7/23/2013 7:56:00 AM Honoring Hotshots Prescott Valley man redesigns racecar to honor fallen firefighters
At Prescott Valley Raceway on Saturday, Phil Baillie and his friend Alicia Owens, the fiancée of fallen Granite Mountain Hotshot Wade Parker, stand next to Baillie’s IMCA modified racecar that honors the 19 Hotshots who died while battling the Yarnell Hill fire on June 30.
Photo courtesy Matt Hinshaw/The Daily Courier
Phil Baillie figured the most appropriate way he could honor the 19 Granite Mountain Hotshots who died fighting the Yarnell Hill fire June 30 was to redesign the exterior of his racecar in their memory.
Baillie of Prescott Valley, a close friend of the fiancée of fallen fireman Wade Parker, spent at least eight hours on Friday night and early Saturday applying a tribute design package on his black International Motor Contest Association (IMCA) Modified.
"Basically, I just got in contact with a design company in Arkansas (New Vision Graphics) about two hours after what happened (the tragedy)," Baillie said Saturday from Prescott Valley Raceway. "Pretty much, we were waiting on all the names of the firefighters. Then after that, they designed it for me and shipped it out here. It came in probably 20 pieces."
Although he didn't run the car over the weekend because his class won't be on the PVR race card until next Saturday, Baillie, 24, displayed the vehicle near the grandstands in front of the racetrack's permanent memorial sign for the firemen.
Alicia Owens, Parker's 21-year-old fiancée, and her family met up with Baillie to thank him personally for the tribute car. Now a standout driver, Baillie once went to school with Parker, whose family also was in attendance at PVR on Saturday.
"It's really cool - it's definitely awesome to see people doing things like this for us," Owens said of Baillie's efforts. "It means a lot."
As fans streamed in to watch the races on Saturday, several of them had their pictures taken by the car. In addition, many of them donated money to Prescott Firefighters' Charities, which is helping the families of the fallen firefighters by selling memorial T-shirts and Granite Mountain Hotshots decals.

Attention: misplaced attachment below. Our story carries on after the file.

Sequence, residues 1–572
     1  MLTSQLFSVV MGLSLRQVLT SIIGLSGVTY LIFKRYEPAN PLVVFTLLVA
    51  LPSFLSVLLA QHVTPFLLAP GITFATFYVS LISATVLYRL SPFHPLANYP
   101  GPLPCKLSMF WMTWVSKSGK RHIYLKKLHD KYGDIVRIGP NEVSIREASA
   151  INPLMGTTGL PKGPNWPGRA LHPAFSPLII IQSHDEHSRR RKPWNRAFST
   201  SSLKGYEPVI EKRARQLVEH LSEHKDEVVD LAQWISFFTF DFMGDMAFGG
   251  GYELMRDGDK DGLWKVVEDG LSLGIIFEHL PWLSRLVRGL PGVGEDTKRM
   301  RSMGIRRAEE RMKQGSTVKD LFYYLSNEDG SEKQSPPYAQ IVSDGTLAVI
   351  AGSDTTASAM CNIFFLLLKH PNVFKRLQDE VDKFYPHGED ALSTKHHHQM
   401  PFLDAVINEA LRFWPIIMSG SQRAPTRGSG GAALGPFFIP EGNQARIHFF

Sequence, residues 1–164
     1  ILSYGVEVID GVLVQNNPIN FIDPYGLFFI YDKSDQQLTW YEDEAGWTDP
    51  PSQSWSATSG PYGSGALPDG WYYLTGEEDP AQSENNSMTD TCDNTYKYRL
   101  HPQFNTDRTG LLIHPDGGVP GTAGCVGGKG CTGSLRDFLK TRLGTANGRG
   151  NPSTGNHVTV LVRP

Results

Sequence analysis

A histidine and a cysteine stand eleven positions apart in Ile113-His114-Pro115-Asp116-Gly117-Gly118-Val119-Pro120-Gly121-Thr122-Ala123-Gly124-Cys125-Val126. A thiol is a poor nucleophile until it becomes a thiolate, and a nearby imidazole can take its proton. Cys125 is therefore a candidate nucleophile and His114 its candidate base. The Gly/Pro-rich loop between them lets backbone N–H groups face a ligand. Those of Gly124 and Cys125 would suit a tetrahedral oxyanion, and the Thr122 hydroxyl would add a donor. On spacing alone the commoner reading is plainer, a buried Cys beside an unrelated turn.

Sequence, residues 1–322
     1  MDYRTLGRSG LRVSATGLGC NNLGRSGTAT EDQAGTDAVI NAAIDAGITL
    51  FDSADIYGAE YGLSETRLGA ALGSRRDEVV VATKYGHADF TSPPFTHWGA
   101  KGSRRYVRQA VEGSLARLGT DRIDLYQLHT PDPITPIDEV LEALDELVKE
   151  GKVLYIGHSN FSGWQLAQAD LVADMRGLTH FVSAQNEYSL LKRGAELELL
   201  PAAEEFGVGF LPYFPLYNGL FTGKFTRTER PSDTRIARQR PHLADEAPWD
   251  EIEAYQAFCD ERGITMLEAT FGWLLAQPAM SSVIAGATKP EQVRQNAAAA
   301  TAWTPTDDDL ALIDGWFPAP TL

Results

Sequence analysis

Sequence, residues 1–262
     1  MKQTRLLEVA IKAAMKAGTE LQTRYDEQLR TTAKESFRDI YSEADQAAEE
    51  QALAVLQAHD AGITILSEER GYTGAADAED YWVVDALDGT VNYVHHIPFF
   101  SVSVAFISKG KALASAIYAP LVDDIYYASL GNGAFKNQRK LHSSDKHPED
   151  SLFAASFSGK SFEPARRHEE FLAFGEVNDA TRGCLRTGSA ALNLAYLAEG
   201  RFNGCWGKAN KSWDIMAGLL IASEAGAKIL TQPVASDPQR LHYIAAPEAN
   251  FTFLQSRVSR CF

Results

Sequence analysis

"I hope they raise a lot of money for all the families and help out anyone they can," Baillie said. "And the support of the racetrack is all there, you know?"
As for Baillie's racecar, he received some assistance in redoing it from a co-worker, Jason Laseter of PV, and his dad, Marty Baillie, 49. They had to line up all the decals so they flowed together properly, which became the trickiest task.
"It turned out great," Laseter said. "It was all Phil, though. It was his idea, and he wanted to do it. I was more than willing to help him out to make it look good for everybody, and for him."
Added Marty of Chino Valley, "This was the first time we did a whole wrap (on a racecar), so it was an experience for us."
Phil's 16-foot long by 7-foot wide racer, one equipped with a small-block 8-cylinder, 500-horsepower Chevy 377 engine, not only got its number changed, from the original No. 85 to the No. 19. The names of the 19 firefighters who perished also are printed on the middle panels on both sides of the car with the words "In Memory of" above them.
This vehicle also features circular decals on the right and left side panels, as well as the hood, with the words "Last Alarm: Heroes Remembered" on them.
And along the side panels, extending from the rear to the middle of the racer, are large prints of the Arizona flag that blend into ones of the American flag.
In an added touch, the back bumper has a "19" on it with the Internet hash tag "#PRESCOTT STRONG."
Phil, who works for Printpack, Inc., in Prescott Valley, has been racing for six years. Born in Lake Havasu City, he later moved with his family to Chino Valley, where he spent about 20 years of his life until relocating to PV.
This past Tuesday night, his maternal grandfather, Leo Williams, who initially got him involved in racing at age 16, passed away.
"He would just want me to carry on doing what I love," Phil said.
Williams would also no doubt want his grandson to continue doing selfless deeds, such as the redesign of his racecar. "I think it's for a good cause," Phil said.
"And if you don't know any of the firefighters specifically in this tight of a community, you know someone that knows of them. It kind of affected the entire community. To me, it brought everyone closer together."